It is natural for an organisation to lose some of its employees, the gradual reduction of the number of personnel happens because people choose to retire or transfer to a different company, and in some cases, they are terminated. Although most companies experience some level of attrition, high rates can be harmful and lead to a lack of manpower. As a result, the necessary tasks may be left unattended because no one can perform them. Considering this, an HR manager should keep track of the current attrition rates and ensure that high turnover, the company avoids the need to address high turnover.
The term ‘attrition’ can be defined as a process of a gradual reduction in the number of people a company employs. This can be caused by non-organisational factors, such as death or retirement; however, in some cases, attrition is attributed to the inadequate organisational environment. Voluntary attrition is the focus of this paper since it can harm an organisation’s performance. From an HR perspective, attrition means additional costs and resources required to account for the staff members who resigned voluntarily. A significant problem is the cost associated with having to advertise positions, hire and train new staff members. By having a comprehension of the attrition rates, an HR manager can effectively hire people based on the organisation’s needs, especially for critical positions. According to a report by Itachi (2017), high attrition results not only in additional spending but also is associated with a loss of knowledge and skill. Therefore, high attrition has both financial and non-financial implications for a business, which can adversely affect the company’s operations.
Generally, attrition can be addressed through a motivation policy, company culture and compensation programs. The goal is to ensure that top-performing employees and those in critical positions do not leave the company. This paper will analyse three papers on employee attrition and synthesise the current knowledge on how HR managers can address attrition. In addition, it will provide an outline of research methods, their strengths and weaknesses.
Stages of the Research Process
In total, there are ten stages in any research process. First, a researcher has to define a significant issue that requires attention (Cooper, 2018; Itani, 2017). Secondly, they should review the literature and find evidence supporting the significance of the issue and how others addressed it. The third step is the development of a hypothesis, which is a narrow research question that includes a possible resolution to a problem. The next step of the research process is determining the design and sampling methods. Next, a researcher collects data, which can be done by using both primary and secondary sources. A researcher has to analyse the data through data processing and measurement. This is followed by hypothesis testing, which is a step where a researcher tests the data concerning the hypothesis. If the hypothesis is correct, the researcher proceeds to interpret the theory and the results of the study, and this is the final stage of the research process. Finally, to share the results, a researcher prepares a report with findings, objectives and methodology.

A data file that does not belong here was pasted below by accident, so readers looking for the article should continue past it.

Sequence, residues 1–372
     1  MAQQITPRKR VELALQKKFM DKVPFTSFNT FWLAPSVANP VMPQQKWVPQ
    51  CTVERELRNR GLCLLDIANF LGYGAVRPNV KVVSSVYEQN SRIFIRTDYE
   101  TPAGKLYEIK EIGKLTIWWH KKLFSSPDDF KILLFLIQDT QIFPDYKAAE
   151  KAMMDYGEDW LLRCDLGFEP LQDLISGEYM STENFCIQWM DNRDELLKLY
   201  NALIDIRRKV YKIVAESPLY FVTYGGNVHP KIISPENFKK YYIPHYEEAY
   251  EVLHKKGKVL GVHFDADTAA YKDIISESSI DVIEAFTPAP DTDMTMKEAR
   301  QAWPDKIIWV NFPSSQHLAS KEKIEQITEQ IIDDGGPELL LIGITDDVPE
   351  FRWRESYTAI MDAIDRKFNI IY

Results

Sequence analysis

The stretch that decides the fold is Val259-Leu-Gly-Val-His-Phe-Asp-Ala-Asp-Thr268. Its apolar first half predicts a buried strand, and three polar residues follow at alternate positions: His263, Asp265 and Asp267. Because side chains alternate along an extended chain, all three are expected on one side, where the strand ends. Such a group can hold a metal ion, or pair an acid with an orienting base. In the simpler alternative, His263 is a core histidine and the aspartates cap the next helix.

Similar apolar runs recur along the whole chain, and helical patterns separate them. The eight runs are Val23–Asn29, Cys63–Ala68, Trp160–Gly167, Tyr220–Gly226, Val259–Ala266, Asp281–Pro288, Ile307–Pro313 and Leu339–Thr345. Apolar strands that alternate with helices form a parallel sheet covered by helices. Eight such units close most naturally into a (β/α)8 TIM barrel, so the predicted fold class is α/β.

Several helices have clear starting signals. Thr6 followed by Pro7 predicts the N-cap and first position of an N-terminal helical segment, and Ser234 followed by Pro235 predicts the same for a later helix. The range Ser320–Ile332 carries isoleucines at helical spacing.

This paper analyses research where the authors applied one of the following methods — interviews or questionnaires. A questionnaire is an easy way to collect responses from study participants because they can be distributed either face to face or by using online resources, for example, Survey Monkey. Surveys can contain either close-ended questions or open-ended questions, although most surveys use close-ended questions because it allows the researcher to quickly analyse and interpret results.
The main advantage of a survey is that it can be carried out by one researcher, who will distribute the questions and analyse the findings. However, because there is no face-to-face interaction between a respondent and an interviewer, survey questions can be interpreted incorrectly. Another disadvantage is the subjectivity of responses and the inability to ask any follow-up questions to clarify some responses.
Unlike surveys, interviews are designed to collect a lot of information from their responders since they are encouraged to respond in a manner comfortable to them with as much time dedicated to each response as necessary. There are three types of interviews — semi-structured, unstructured and structured. The difference is in the amount of guidance an interviewer provides to the participants. The main advantage of any type of interview is the amount of data that a researcher can collect, some responses may differ from what was initially anticipated. Moreover, interviews are face-to-face interactions, meaning that the interviewer can ask to follow up questions and clarify some responses if necessary. However, the disadvantages include more time to plan and conduct interviews and higher costs when compared to questionnaires. Overall, both surveys and interviews are valid methods of data collection and the main difference between the two is an effort to complete each and the amount of information the researcher can collect.
The First Study
Haldorai et al. conducted their research in 2019 to determine what caused attrition at a five-star hotel. Notably, this study focuses on an industry where attrition is typically high because the demands of the jobs and a need to work on a 27/7 schedule are usually difficult to adjust to. The authors considered factors that were determined in prior research — work hours, work and life balance hindered by the job responsibilities, emotional exhaustion, career progression, inadequate pay and work environment (Haldorai et al., 2019). In this study, 308 full-time employees with at least one year of experience were surveyed.